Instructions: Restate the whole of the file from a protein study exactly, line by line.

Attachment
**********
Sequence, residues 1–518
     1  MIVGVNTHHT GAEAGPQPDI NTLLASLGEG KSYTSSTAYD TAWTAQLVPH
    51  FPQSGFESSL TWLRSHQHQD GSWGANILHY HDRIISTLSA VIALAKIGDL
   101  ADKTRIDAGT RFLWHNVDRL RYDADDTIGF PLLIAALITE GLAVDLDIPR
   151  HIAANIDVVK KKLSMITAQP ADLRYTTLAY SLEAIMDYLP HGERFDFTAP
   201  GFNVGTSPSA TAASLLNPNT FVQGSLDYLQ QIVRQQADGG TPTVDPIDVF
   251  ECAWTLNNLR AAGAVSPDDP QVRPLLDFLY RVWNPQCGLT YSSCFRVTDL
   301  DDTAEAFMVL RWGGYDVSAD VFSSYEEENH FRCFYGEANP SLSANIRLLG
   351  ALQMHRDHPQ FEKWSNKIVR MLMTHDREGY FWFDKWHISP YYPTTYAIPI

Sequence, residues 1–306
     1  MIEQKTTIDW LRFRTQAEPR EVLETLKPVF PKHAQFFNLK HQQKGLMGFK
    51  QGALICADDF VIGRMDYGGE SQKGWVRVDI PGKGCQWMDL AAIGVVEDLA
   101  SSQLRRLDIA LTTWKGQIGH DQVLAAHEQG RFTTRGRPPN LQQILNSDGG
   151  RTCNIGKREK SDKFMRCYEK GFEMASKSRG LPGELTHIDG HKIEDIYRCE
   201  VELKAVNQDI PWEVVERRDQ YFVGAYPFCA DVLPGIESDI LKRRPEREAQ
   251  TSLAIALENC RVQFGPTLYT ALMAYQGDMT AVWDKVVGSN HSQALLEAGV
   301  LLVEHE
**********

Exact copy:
Sequence, residues 1–518
     1  MIVGVNTHHT GAEAGPQPDI NTLLASLGEG KSYTSSTAYD TAWTAQLVPH
    51  FPQSGFESSL TWLRSHQHQD GSWGANILHY HDRIISTLSA VIALAKIGDL
   101  ADKTRIDAGT RFLWHNVDRL RYDADDTIGF PLLIAALITE GLAVDLDIPR
   151  HIAANIDVVK KKLSMITAQP ADLRYTTLAY SLEAIMDYLP HGERFDFTAP
   201  GFNVGTSPSA TAASLLNPNT FVQGSLDYLQ QIVRQQADGG TPTVDPIDVF
   251  ECAWTLNNLR AAGAVSPDDP QVRPLLDFLY RVWNPQCGLT YSSCFRVTDL
   301  DDTAEAFMVL RWGGYDVSAD VFSSYEEENH FRCFYGEANP SLSANIRLLG
   351  ALQMHRDHPQ FEKWSNKIVR MLMTHDREGY FWFDKWHISP YYPTTYAIPI

Sequence, residues 1–306
     1  MIEQKTTIDW LRFRTQAEPR EVLETLKPVF PKHAQFFNLK HQQKGLMGFK
    51  QGALICADDF VIGRMDYGGE SQKGWVRVDI PGKGCQWMDL AAIGVVEDLA
   101  SSQLRRLDIA LTTWKGQIGH DQVLAAHEQG RFTTRGRPPN LQQILNSDGG
   151  RTCNIGKREK SDKFMRCYEK GFEMASKSRG LPGELTHIDG HKIEDIYRCE
   201  VELKAVNQDI PWEVVERRDQ YFVGAYPFCA DVLPGIESDI LKRRPEREAQ
   251  TSLAIALENC RVQFGPTLYT ALMAYQGDMT AVWDKVVGSN HSQALLEAGV
   301  LLVEHE